Genealogy to Family History Part Two—The Silvermans Come to America

In Part I of this series I listed some of the facts I know about my grandfather’s life.  In this post I have turned those facts into a story

My grandfather’s story is in many ways an ordinary story.  Grandpa’s is the Eastern European Jewish version of the story, but there is an Irish version, an Italian version, a German version, a Japanese version, a version for every ethnicity.  If you are African-American it is a different story.  Lack of choice changes the story, but mine is the ethnic story. You know this story, briefly, oppression in the homeland, leave everything and take a boat to a new country, arrive somewhere where you don’t speak the language, live in harsh, soul-crushing poverty, survive and thrive. These stories are common, yet I find them extraordinary.  A million people or more arrived in this country every year between 1890 and 1910.  These were primarily Eastern Europeans and my grandfather was one of them.

Why did he come?  At the end of the 18th century Catherine the Great, Czar of Russia, created the Pale of Settlement where the Jews of Russia would be forced to live.  The Pale included what is now the Ukraine, Poland and other areas.  The laws became more and more restrictive over time.  Even within the Pale Jews could not own land, paid extra taxes and could not attend university.   Eventually Russian law demanded that large numbers of Jews between the ages of 12 and 25 serve 25 years in the Russian army.  Any community that failed to provide its quota would be punished. The Silvers or Silvermans, as they were known then, left Russia forever when their oldest son was twelve. In light of the alternatives emigration to America looked good, even if the streets weren’t paved with gold.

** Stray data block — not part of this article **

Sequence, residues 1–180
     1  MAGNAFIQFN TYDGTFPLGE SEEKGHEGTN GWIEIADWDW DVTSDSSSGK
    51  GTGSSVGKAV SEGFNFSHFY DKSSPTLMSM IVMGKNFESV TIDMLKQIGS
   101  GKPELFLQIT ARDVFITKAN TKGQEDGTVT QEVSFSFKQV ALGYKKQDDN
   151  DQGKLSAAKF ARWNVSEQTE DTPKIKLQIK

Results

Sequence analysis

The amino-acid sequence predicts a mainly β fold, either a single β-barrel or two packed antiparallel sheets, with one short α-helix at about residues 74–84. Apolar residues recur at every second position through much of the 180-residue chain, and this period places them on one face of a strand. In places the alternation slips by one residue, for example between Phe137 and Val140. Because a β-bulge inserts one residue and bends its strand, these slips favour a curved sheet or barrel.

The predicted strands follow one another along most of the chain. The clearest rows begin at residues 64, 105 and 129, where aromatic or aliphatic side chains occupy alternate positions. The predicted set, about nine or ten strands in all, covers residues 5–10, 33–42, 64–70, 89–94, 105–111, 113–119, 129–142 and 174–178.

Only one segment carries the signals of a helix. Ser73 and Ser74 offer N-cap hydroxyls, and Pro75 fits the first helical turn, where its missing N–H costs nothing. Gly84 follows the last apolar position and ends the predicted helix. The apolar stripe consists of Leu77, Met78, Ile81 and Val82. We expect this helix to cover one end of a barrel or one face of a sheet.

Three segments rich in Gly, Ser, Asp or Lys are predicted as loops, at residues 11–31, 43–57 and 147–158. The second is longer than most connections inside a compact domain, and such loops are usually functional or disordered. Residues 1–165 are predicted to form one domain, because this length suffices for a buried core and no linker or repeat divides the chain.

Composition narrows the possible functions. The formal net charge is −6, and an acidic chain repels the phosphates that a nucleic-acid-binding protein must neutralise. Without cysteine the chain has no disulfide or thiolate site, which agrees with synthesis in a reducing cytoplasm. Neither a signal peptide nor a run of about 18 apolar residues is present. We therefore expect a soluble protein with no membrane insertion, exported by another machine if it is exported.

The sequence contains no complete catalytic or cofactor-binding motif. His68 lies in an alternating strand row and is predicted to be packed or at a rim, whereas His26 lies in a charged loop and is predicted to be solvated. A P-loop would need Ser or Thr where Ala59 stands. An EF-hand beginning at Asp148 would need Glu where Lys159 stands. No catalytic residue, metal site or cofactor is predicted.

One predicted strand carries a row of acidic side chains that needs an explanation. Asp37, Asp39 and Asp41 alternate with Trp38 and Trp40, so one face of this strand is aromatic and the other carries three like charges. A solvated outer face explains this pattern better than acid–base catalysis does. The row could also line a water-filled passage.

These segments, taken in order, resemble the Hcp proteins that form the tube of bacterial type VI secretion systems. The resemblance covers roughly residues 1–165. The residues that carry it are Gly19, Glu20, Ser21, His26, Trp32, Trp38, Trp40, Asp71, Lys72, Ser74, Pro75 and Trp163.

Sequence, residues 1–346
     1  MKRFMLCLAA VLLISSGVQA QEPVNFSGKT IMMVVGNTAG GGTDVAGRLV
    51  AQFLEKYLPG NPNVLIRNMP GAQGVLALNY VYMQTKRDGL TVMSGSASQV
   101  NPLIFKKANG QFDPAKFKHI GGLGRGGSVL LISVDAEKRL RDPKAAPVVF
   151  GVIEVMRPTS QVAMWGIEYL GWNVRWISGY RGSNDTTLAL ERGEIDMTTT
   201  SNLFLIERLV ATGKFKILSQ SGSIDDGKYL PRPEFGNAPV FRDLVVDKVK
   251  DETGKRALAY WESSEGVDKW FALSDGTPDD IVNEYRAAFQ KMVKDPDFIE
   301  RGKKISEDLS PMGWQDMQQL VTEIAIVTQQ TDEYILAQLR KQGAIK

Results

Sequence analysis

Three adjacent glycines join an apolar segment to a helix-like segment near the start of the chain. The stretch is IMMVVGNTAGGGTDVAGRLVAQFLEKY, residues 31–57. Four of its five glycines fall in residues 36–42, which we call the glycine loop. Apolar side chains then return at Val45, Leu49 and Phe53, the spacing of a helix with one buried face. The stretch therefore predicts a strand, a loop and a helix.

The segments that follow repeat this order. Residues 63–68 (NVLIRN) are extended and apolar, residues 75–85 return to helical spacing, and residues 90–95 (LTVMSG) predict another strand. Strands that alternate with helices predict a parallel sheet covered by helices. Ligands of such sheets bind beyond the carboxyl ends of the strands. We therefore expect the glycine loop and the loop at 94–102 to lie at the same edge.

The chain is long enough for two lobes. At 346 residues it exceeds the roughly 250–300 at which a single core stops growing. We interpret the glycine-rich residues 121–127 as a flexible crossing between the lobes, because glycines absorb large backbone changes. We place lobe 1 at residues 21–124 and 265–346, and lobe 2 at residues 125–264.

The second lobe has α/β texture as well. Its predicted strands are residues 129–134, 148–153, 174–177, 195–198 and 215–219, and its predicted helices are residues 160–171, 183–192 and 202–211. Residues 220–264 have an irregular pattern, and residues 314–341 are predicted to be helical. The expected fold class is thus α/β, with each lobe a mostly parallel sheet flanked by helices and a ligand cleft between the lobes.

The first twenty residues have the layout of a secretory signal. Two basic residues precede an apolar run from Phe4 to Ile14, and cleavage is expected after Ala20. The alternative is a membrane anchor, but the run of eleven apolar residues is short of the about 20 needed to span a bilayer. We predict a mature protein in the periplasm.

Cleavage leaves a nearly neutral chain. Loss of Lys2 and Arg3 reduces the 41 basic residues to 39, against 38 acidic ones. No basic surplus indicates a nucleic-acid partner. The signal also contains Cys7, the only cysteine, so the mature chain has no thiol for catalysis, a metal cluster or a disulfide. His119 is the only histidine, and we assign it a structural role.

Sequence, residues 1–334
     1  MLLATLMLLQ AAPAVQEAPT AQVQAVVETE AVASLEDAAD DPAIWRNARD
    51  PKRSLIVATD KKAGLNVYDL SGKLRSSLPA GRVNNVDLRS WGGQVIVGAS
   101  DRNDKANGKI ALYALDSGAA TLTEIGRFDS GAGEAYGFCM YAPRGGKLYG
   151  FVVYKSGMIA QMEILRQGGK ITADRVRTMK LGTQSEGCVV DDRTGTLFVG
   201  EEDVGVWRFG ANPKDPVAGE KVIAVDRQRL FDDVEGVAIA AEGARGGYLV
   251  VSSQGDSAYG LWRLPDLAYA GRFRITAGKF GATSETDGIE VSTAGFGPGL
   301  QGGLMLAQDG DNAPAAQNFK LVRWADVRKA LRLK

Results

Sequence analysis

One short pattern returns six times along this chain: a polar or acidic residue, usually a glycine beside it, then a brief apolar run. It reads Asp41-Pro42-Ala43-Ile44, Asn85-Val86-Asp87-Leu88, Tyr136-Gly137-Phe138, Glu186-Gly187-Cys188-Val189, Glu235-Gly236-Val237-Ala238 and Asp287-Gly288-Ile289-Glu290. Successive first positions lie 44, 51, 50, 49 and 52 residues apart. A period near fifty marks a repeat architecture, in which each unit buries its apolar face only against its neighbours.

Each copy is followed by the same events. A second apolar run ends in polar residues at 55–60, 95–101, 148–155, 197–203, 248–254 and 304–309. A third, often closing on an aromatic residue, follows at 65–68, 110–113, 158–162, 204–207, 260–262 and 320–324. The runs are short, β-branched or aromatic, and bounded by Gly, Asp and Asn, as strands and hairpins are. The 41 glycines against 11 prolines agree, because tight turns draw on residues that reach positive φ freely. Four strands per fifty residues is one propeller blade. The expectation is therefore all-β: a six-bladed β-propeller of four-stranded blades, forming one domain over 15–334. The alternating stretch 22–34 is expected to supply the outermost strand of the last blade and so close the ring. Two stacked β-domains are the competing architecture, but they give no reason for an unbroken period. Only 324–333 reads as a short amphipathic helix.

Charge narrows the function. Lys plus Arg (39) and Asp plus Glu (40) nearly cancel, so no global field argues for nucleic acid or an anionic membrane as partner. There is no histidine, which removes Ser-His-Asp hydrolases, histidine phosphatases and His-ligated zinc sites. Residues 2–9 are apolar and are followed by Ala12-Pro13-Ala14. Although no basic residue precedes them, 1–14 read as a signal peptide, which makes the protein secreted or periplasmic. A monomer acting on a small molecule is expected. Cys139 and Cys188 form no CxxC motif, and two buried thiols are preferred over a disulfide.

In August of 1891 the Silverman family arrived in New York on the S.S. La Champagne having left Le Havre, France eight days earlier.

My grandfather traveled with his parents, Mendel and Lina and his brother Sam.  I have no idea how they got to Le Havre, most likely by rail. They may have stayed in France for a while, my father recalls his father speaking of time in France.  My cousin remembers being told they spent time in Ireland. Whatever their route and whatever the delays they came through the Barge Office in New York and started a new life.

The Barge Office New York---- Library of Congress, Prints and Photographs Division, Detroit Publishing Company Collection.

First Photo in America Mendel, Lina, Alex and Sam


There is much more to this story and there will be a Part III.

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3 comments on “Genealogy to Family History Part Two—The Silvermans Come to America
  1. Eddie says:

    What makes it “ordinary” is that many families made the same trip. What makes it amazing is that we can’t imagine our doing it today.

  2. Judy says:

    Thanks Susan,
    I’m grateful that they made the journey, so I didn’t have to.

  3. You’re so right that it is a common story – one many of us know by heart – yet it never fails to amaze and humble me. You’ve told it beautifully here. I love the addition of the Barge Office photograph and the map to your own family pictures.

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